In order to conclude that the `938 patent is infringed, I must first determine the meaning and scope of the claims, and then compare the properly construed claims to the accused device or process. See Markman v. Westview Instruments, Inc., 52 F.3d 967, 976 (Fed. Cir. 1995) (en banc), aff'd, 517 U.S. 370 (1996). Claim construction is a matter of law, Cybor Corp. v. FAS Techs., 138 F.3d 1448, 1456 (Fed. Cir. 1998) (en banc), but a determination of infringement is a question of fact, Instituform Techs. v. Cat Contr., Inc., 161 F.3d 688, 692 (Fed. Cir. 1998). I have already completed the first step of this process by construing the disputed claim terms. See Cytomedix, Inc., v. Little Rock Foot Clinic, P.A., No. 02 C 4782, 2004 WL 609330 (N.D. Ill. Mar. 24, 2004). In considering this motion for summary judgment, I take the second step and compare the properly construed claims to the accused device or process. I approach this motion for summary judgment on the fact issue of infringement with great care. Palumbo v. Don-Joy Co., 762 F.2d 969, 974 (Fed. Cir. 1985), overruled on other grounds by Markman, 52 F.3d at 976-979.

  Summary judgment of infringement will be appropriate if, in comparing the construed claims to the accused process, I find that there is no genuine issue of material fact and no expert testimony required to explain the nature of the patented invention or the accused process, or to assist in their comparison. See Amhil, 81 F.3d at 1557-58. Summary judgment "shall be rendered forthwith if the pleadings, depositions, answers to interrogatories, and admissions on file, together with the affidavits, if any, show that there is no genuine issue as to any material fact and that the moving party is entitled to a judgment as a matter of law." Fed.R.Civ.P. 56(c); Celotex Corp. v. Catrett, 477 U.S. 317, 323 (1986). I will draw all reasonable factual inferences in favor of the Defendants. See Anderson v. Liberty Lobby, Inc., 477 U.S. 242, 255 (1986). At the same time, the burden is on Cytomedix to show that the record does not disclose a genuine dispute of a material fact. See Haefling v. UPS, 169 F.3d 494, 497 (7th Cir. 1999). If Cytomedix meets this burden, then the Defendants will have to set forth specific facts showing that there is a genuine issue for trial. See Celotex, 477 U.S. at 324.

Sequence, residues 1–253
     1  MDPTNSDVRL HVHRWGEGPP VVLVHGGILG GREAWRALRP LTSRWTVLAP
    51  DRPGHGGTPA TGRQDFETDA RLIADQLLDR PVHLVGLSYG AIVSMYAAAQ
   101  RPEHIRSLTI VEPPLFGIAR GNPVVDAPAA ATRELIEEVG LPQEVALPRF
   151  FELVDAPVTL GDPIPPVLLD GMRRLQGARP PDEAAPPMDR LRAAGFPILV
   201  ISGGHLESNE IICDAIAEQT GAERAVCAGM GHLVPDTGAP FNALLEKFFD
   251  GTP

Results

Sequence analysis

The `938 Patent and the Accused SafeBlood Graft System

  The claim terms whose meanings were in dispute and construed by my Order of March 23, 2004 are independent claims 1 and 12 of the `938 patent, which read as follows, with the disputed terms emphasized: 1. A process for treating damaged, live, animal tissue which comprises applying over the damaged tissue an effective amount of a treating composition containing the materials released by platelets during the platelet release reaction and facilitating healing of the damaged tissue.